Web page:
Lance Morgan: background:white"> "We don't have a lot of problems on the dispute-resolution side with our individual businesses. Our primary dispute is balancing the separation with the government and the business and we really, since we're owned by them, we really have to figure out ways to get along with them. And so our disputes are played out kind of through negotiation typically, and I think that if we ever really got into a fight with our owner we would probably lose. They could pass laws, they can make motions, they can change the board, so our challenge is to educate people and to get them onboard with our long-term concepts and make them a believer in what we're trying to do."
Mark St. Pierre: color:#222222;background:white"> "And that's the follow up: How do you do that? How do you educate the tribal citizens who are also the tribal politicians eventually in this process?"
Kenneth Grant: background:white"> "I think it speaks to the issue of transparency, and that doesn't mean that every decision that Lance makes is open for review or put up to a vote by the citizens, but it is keeping people aware of what the mission of the operation is, how it's performing, what its financial returns are, what its goals are, and I do think that the political leadership has a role in helping to educate the tribal citizens and the owners of the enterprise."
Lance Morgan: background:white"> "One of the things we do is we have a mechanized system for putting information out to the people and to the government. We have to provide audited financials every year and an annual report and we even had a PR campaign, kind of a sophisticated thing which really was kind of a failure I think. I think what's really helped us is really going out and directly talking to our membership. One on one we've brought in our employees, we've kind of given them a fact sheet about what we do and given them information, they go home, talk to their families and we deal with kind of the little negative issues that emerge in a small community and I think our sophisticated PR strategy and press releases and all that stuff really didn't work until we started talking to our people."
Mark St. Pierre: color:#222222;background:white"> "Sadly, we're running out of time, but I'd like to do one final question for both of you. This is exciting stuff. Where do you see it headed?"
Kenneth Grant: " background:white">I think there's been a tremendous change in the last 20 years, and I think more and more examples of success are breeding more and more success within Indian Country on operating tribal enterprises. I think it's one of the biggest changes we've seen in the last 20 years, and I think the trend is very, very positive."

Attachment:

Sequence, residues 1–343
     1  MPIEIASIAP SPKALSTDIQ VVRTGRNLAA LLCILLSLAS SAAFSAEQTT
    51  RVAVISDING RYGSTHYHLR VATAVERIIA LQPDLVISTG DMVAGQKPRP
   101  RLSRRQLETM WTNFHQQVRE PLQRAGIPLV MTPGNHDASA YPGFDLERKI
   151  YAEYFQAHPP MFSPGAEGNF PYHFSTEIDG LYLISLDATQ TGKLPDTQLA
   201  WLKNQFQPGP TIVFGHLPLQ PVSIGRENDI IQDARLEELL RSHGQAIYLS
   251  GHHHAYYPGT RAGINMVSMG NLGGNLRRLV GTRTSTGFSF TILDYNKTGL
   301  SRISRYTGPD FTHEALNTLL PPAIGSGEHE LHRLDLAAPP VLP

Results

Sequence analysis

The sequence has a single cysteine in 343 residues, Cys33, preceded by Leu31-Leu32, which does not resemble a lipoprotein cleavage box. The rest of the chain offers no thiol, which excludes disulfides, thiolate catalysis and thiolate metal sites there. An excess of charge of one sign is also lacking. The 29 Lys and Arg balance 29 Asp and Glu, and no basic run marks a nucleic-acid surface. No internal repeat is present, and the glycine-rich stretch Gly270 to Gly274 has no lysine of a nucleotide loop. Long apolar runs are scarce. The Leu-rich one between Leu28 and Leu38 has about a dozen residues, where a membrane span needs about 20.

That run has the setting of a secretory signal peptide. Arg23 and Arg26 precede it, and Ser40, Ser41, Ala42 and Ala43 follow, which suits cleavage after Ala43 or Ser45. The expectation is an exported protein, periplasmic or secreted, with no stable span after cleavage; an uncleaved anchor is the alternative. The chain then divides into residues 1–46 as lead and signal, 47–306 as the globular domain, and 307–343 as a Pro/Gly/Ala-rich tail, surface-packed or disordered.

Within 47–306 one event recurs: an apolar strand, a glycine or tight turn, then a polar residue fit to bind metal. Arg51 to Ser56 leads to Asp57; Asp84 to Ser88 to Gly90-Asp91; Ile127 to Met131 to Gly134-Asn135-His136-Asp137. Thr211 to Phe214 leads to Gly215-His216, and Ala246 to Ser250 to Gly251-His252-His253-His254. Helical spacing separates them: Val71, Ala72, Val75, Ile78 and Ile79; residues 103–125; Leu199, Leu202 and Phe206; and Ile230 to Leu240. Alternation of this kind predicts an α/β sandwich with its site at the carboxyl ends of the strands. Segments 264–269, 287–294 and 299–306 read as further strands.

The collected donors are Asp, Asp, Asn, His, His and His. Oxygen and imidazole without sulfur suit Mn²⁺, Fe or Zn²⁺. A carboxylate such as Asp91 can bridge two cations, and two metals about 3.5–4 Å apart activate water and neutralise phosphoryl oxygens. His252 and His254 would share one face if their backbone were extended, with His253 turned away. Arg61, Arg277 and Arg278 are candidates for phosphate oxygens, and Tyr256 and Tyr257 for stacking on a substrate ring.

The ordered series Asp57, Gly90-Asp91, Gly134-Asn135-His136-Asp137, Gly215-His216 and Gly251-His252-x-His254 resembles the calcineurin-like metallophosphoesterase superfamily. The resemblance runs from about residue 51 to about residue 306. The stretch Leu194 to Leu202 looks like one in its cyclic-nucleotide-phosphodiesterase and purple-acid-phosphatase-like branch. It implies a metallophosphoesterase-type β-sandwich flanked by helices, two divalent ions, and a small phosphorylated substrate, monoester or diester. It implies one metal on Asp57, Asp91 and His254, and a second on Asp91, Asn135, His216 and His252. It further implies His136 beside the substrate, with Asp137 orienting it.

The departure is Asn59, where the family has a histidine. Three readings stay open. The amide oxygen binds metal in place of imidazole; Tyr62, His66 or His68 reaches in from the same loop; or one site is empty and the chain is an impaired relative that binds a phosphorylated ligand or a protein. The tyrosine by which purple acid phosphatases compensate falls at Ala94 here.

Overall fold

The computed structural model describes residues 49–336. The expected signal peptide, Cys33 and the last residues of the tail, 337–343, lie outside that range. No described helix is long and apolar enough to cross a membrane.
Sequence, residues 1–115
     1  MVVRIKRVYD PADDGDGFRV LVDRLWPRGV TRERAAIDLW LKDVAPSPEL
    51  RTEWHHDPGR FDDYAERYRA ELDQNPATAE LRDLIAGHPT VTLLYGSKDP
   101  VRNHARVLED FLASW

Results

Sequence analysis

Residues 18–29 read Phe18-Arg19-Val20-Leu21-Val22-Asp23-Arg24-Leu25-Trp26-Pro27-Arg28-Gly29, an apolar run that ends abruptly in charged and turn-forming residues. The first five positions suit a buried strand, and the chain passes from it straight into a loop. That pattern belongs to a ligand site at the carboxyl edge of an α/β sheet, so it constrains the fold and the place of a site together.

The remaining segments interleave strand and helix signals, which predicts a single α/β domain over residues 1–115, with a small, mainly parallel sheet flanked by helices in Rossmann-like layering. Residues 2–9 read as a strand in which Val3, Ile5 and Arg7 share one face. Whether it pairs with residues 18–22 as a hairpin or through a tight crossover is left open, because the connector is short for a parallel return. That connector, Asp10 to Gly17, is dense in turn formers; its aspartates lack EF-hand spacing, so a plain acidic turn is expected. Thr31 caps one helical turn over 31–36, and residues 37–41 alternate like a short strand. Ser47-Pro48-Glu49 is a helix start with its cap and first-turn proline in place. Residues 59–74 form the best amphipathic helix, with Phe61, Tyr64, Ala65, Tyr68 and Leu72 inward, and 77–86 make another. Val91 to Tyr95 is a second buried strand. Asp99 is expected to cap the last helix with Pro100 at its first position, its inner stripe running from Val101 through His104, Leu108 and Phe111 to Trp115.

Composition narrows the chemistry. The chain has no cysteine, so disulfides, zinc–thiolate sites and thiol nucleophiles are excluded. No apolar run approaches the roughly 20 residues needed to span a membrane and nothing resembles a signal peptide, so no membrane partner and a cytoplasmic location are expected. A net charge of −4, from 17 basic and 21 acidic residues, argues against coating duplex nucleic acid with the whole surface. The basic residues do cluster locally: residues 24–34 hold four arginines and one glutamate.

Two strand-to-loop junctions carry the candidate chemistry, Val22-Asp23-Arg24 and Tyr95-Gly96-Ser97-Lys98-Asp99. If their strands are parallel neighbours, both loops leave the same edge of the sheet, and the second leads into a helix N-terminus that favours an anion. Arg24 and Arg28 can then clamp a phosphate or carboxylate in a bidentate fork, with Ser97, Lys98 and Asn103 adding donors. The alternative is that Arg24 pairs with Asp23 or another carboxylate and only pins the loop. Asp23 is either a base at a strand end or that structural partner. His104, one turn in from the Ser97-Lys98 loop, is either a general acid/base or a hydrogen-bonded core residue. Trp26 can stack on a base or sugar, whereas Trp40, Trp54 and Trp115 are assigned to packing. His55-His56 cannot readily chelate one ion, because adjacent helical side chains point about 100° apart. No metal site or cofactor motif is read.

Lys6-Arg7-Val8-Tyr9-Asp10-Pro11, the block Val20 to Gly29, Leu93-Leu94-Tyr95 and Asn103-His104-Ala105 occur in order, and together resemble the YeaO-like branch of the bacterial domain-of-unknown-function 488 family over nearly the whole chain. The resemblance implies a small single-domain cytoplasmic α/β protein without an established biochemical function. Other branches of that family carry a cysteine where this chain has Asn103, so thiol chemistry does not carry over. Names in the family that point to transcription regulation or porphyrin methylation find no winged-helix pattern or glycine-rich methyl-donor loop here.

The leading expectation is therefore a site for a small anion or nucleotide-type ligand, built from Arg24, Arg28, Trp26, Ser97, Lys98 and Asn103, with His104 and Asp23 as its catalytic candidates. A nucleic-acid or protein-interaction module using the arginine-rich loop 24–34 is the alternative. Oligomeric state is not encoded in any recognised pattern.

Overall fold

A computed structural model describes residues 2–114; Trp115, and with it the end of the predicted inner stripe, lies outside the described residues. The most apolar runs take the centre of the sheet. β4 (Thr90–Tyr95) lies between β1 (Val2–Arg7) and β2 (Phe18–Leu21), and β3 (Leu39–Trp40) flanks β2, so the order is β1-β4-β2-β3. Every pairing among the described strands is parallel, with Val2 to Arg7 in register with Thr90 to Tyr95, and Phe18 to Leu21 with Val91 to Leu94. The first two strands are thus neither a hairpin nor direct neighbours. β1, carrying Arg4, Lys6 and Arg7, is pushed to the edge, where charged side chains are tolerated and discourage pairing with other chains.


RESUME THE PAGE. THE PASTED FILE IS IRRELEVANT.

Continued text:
Mark St. Pierre: color:#222222;background:white"> "Where is Ho-Chunk?"
Lance Morgan: "Our challenge is to continue to transition from these controversial businesses to these businesses that take advantage of being a tribe, and really make a lot of money hopefully and we can take that money and funnel it towards our community in a social kind of side of the equation. I think that what I don't want to get lost in this [is] it's not really, it's never really about the money. We're never going to be Microsoft. We're a company that is focused on making our community better, and I think the more we realize that ourselves, the better off we are. So I think the future for us, drive the business forward, be as great as we can, as competitive as we can, and figure out ways -- challenging and interesting ways -- to spread the wealth in our community so that everybody benefits from it. And I think that in the end is going to be the key to our longevity there, because that's what's going to engender I think good feelings towards the tribe."
Mark St. Pierre: color:#222222;background:white"> "I want to extend a heartfelt thanks to both you guys for traveling here. I'd like to thank Lance Morgan and Kenneth Grant for appearing on today's edition of Native Nation Building, a program of the Native Nations Institute for Leadership, Management and Policy at the University of Arizona. To learn more about Native Nation Building and the issues discussed here today, please visit the Native Nations Institute website at www.nni.arizona.edu/nativetv. Thank you for joining us and please tune in for the next edition of Native Nation Building."